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First Female Shuttle Commander Eileen Collins Receives Jackie Robinson Medal

NEW YORK, New York, October 27, 1999

NASA astronaut Eileen Collins, a New York native, today received the state's highest award, the Jackie Robinson Empire State Freedom Medal, for her achievement as the first female Space Shuttle commander.

During the historic STS-93 mission, Collins and her crew deployed the heaviest, largest and most powerful X-ray telescope ever launched into space. Called the Chandra X-ray Observatory, the telescope allows scientists to peer into an invisible and violent realm of the cosmos that contains some of the most intriguing mysteries in astronomy.

The Freedom Medal, established in 1997, is given annually to those who best demonstrate the qualities of determination, dignity, fairness and honor that were exemplified by Jackie Robinson, who broke major league baseball's color barrier. The medal has an imprint of Jackie Robinson on the front with the words "Freedom, Honor, Liberty." The back reads: "Presented to honor conduct exemplifying the spirit of New York as demonstrated by the life of Jack Roosevelt Robinson."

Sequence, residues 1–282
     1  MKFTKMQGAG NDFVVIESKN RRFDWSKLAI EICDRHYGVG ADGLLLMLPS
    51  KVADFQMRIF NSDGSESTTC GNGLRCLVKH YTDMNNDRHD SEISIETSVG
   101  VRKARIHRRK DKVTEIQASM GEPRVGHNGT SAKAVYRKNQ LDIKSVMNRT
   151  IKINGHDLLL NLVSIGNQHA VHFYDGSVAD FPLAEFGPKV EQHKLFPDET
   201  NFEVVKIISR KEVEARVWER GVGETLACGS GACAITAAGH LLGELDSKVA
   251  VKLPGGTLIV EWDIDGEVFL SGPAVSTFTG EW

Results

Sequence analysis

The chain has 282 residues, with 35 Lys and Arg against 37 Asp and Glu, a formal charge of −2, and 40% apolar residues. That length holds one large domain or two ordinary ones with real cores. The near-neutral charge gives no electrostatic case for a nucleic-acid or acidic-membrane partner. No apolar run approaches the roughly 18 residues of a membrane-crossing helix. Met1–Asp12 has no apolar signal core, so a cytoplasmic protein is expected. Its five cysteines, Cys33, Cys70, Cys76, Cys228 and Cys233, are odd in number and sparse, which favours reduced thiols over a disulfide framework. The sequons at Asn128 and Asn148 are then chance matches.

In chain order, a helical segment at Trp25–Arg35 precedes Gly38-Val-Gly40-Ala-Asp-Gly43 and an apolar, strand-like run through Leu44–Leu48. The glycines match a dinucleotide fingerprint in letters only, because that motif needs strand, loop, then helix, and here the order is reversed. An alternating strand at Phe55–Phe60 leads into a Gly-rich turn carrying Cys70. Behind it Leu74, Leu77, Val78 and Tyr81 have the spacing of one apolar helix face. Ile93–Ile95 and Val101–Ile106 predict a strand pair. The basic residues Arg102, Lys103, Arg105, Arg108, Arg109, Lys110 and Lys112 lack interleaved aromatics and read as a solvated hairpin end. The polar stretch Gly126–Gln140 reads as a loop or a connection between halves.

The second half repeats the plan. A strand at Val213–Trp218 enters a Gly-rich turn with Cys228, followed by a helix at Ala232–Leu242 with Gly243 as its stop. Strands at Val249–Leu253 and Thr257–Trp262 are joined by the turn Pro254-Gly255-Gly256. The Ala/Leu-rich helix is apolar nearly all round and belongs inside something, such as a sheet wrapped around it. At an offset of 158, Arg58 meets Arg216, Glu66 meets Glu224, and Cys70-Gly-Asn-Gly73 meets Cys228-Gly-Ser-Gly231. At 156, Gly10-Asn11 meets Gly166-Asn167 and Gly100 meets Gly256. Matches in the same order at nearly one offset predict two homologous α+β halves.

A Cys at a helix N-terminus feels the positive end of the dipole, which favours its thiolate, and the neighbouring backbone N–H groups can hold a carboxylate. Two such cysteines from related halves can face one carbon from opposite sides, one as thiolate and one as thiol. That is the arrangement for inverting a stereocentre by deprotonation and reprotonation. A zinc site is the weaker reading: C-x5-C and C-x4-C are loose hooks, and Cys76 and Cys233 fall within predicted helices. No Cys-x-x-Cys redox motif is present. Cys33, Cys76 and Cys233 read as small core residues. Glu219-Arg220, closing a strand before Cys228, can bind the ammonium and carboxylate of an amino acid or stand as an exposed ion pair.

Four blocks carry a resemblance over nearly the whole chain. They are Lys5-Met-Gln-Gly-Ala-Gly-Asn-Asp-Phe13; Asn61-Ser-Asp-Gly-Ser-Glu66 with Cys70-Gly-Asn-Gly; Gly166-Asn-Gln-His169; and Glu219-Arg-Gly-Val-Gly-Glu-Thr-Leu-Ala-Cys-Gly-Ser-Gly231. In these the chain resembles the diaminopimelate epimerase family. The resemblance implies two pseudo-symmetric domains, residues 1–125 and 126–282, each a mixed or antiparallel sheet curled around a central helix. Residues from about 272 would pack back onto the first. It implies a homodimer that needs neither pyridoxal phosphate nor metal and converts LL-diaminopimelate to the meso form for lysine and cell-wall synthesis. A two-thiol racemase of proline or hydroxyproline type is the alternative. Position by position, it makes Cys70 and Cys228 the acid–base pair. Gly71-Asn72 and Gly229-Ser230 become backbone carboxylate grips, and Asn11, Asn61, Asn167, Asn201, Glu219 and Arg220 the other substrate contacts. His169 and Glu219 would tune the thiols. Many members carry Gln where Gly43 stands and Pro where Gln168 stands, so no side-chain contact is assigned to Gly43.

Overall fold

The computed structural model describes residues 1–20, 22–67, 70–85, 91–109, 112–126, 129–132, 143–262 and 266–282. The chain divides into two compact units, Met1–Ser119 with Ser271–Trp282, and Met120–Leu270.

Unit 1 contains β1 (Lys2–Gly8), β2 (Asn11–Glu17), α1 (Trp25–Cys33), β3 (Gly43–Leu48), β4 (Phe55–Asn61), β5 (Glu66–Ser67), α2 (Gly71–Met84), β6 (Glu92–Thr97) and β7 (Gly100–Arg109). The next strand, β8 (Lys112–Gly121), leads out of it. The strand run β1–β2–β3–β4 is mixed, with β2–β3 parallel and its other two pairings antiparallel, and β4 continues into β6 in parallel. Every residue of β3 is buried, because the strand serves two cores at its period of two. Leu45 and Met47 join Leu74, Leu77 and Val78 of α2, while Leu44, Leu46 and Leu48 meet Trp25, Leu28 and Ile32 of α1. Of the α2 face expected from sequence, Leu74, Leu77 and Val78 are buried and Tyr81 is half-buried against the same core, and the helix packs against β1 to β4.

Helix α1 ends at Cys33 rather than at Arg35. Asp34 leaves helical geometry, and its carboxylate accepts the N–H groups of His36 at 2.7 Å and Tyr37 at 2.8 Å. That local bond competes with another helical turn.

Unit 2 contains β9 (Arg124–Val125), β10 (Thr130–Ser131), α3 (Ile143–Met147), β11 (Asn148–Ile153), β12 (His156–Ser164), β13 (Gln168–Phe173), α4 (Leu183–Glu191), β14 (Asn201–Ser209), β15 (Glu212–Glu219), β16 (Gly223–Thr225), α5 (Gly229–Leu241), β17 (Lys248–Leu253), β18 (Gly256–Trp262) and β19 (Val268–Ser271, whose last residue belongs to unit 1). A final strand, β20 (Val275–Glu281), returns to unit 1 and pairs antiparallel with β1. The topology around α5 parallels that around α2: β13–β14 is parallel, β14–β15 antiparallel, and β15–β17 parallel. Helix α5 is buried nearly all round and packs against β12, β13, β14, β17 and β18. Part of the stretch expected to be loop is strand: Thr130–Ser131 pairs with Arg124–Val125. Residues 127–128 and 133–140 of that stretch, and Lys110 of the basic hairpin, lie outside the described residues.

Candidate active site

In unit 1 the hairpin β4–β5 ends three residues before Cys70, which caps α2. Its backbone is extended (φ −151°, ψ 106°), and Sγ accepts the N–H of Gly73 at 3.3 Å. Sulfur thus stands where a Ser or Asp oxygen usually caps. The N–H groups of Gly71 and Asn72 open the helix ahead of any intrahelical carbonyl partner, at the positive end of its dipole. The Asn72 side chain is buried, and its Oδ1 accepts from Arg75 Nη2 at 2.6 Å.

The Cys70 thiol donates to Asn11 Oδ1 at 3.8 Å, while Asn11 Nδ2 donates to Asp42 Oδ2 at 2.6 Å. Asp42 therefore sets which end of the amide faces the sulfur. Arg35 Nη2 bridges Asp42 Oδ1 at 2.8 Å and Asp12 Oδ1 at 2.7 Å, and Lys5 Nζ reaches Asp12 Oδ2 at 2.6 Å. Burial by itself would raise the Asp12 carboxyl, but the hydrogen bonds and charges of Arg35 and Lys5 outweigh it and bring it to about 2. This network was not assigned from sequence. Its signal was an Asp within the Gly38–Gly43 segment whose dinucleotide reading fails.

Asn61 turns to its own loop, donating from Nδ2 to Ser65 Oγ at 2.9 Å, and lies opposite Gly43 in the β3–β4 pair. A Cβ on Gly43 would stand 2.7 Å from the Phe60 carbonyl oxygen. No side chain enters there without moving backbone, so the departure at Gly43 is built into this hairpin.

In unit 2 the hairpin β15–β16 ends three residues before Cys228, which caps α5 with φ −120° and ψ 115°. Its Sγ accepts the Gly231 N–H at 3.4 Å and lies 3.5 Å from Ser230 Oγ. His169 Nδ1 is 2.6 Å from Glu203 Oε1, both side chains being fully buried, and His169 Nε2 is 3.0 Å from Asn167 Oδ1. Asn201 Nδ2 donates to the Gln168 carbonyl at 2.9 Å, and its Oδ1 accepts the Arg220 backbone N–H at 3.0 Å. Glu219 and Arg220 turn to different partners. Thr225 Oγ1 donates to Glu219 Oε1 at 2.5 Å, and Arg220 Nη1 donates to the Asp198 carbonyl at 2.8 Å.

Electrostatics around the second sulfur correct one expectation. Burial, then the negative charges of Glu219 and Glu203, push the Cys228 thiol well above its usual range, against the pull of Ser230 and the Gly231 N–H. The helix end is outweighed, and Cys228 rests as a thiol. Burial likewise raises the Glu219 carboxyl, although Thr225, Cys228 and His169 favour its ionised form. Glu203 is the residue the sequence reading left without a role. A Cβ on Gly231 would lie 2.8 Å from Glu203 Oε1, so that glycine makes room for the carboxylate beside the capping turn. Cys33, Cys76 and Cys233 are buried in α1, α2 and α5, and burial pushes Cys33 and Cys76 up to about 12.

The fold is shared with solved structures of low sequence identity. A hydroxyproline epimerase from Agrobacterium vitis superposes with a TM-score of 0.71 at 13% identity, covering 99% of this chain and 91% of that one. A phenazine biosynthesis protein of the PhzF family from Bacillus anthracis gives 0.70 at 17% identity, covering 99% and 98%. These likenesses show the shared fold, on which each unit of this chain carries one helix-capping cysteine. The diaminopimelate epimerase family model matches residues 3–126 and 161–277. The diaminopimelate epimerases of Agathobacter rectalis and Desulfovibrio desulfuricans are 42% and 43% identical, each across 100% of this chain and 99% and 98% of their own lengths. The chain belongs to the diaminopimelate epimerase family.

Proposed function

This year's award also was bestowed posthumously on Brooklyn Dodger Captain Harold Henry "Pee Wee" Reese. Last year's recipient was Chicago Cubs outfielder Sammy Sosa.

About Eileen Collins

Collins was selected as an astronaut in 1990, and became the first woman to pilot the Space Shuttle in 1995. She has flown three missions and logged more than 500 hours in space.

Collins, an Air Force colonel, graduated from Syracuse University in 1978, before joining the Air Force. During her Air Force career, she has worked as an instructor pilot, aircraft commander, and assistant professor of mathematics at the U.S. Air Force Academy, Colorado Springs, CO.



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